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The Muskoka and Parry Sound Housing Consultation is a free seminar focused specifically on tenant/renter needs to provide frontline solutions to the housing crisis.
Heather Marchildon is the facilitator of the workshop and the event hosted through the Lake Country Community Legal Clinic on Tuesday March 10 from 9 a.m. to 4 p.m. at the Summit Centre in Huntsville. The idea for the 1 day meeting stemmed from a similar Sudury housing conference.
"We are gathering information about the most common housing hurdles people face in the region ... this way people can see that they are not alone in this. We need more tenants involved ... there are plenty of people who are tenants who need a movement," she said.
The Lake Country Community Legal Clinic shared the following message about the seminar on their Facebook page.
"Looking forward to hearing everyone's story of unsafe and lack of housing, frustration and uncertainty with the housing crisis. We'll be working to identify the most common challenges we've all faced. Please register today and bring a friend who has their story too. A unique opportunity to have your experiences (anonymously) shared in a report to the government. Come on out and have a great day of sharing. E-mail firstname.lastname@example.org to register."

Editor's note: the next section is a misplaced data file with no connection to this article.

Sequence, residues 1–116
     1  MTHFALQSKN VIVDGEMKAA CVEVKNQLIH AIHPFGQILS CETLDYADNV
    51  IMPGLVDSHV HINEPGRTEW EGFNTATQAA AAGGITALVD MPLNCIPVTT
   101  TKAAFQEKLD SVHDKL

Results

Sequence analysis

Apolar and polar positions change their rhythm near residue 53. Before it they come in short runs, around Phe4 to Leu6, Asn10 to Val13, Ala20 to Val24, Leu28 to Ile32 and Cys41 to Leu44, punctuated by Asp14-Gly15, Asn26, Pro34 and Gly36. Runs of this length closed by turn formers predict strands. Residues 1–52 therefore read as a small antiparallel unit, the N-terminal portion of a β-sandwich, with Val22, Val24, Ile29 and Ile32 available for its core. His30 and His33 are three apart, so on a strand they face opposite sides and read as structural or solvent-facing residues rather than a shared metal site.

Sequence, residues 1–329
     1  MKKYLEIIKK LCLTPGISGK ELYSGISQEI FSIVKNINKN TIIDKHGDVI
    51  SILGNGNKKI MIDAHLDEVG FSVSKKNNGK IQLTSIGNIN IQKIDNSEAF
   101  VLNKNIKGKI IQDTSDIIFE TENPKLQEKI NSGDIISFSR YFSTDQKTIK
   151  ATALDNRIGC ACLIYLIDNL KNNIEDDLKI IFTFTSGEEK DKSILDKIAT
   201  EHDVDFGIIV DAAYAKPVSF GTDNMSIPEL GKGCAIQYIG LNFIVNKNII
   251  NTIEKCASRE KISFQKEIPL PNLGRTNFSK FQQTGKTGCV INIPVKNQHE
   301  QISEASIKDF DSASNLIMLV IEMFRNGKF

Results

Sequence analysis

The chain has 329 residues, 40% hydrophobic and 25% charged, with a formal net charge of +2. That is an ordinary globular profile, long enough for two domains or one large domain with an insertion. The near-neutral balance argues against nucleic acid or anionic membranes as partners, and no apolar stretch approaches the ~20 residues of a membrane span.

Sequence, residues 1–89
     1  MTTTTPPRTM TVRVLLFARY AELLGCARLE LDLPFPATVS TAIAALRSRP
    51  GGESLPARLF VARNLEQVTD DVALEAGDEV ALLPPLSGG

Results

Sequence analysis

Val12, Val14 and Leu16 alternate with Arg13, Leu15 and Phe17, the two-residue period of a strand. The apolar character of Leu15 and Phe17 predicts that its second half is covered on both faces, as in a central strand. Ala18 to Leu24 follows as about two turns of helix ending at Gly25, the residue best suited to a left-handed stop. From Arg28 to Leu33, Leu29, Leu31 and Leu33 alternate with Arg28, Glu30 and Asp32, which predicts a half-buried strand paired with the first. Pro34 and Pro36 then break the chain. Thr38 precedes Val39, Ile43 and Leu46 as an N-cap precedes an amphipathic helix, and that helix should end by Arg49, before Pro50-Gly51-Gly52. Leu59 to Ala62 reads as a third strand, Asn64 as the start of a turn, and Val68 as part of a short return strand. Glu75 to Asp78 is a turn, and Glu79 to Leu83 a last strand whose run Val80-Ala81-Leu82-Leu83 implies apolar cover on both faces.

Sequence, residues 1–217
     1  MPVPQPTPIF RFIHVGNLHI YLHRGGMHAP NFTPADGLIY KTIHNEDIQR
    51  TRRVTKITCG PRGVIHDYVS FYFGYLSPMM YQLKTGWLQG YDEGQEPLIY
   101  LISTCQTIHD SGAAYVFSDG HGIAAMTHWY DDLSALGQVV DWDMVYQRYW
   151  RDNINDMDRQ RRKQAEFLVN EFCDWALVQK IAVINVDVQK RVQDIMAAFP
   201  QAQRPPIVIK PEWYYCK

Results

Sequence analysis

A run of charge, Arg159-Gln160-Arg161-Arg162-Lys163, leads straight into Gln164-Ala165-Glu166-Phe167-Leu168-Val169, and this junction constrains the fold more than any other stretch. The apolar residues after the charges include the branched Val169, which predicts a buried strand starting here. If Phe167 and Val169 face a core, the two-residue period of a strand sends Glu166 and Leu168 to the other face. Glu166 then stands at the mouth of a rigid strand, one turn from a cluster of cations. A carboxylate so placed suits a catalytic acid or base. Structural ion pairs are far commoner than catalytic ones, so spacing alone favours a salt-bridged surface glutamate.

Marchildon believes that to understand and adequately address the problem, the driver of the solution has to be people who live the housing crisis reality daily - tenants.
Marchildon has been a community activist and social program facilitator for over two decades in Bracebridge. A good amount of her knowledge stems from having experienced homelessness as well as rental issues.
"I had to go on Ontario Works at one point and I was receiving $565/ month and my rent was over $700 ... thanks goodness my car was paid for," she said.
Marchildon added that while she is currently on the Muskoka Housing Taskforce, she stopped attending Muskoka district council meetings because after 25 years of participating in housing forums she has lost faith in the system as after all these years "nothing got done."
She calls the assistance from district bureaucratic lip service.
"We need to bring other community partners in ... people on the frontlines know what's actually happening out there," she said.
Marchildon is advocating for basic needs such as further development of regional transportation systems and improvement in community mental health care to further address housing a whole.
The goal of the March 10 seminar is to compose a solution based report from tenants/renters of Muskoka and send to various levels of government.
"We all live in the same community and ultimatley we are all impacted in one way or another by the housing crisis," Marchildon said.
- 50 percent of Muskoka residents cannot afford 1-3 bedrooms
- 50 percent of Muskoka households earn less than $39,000 annually.
- To rent the average priced house in the region a Muskoka resident would need to have $100,000 in income. - A very low vacancy rate in the district of 1.7 percent, in a healthy economy a rate north of 3 percent is generally seen.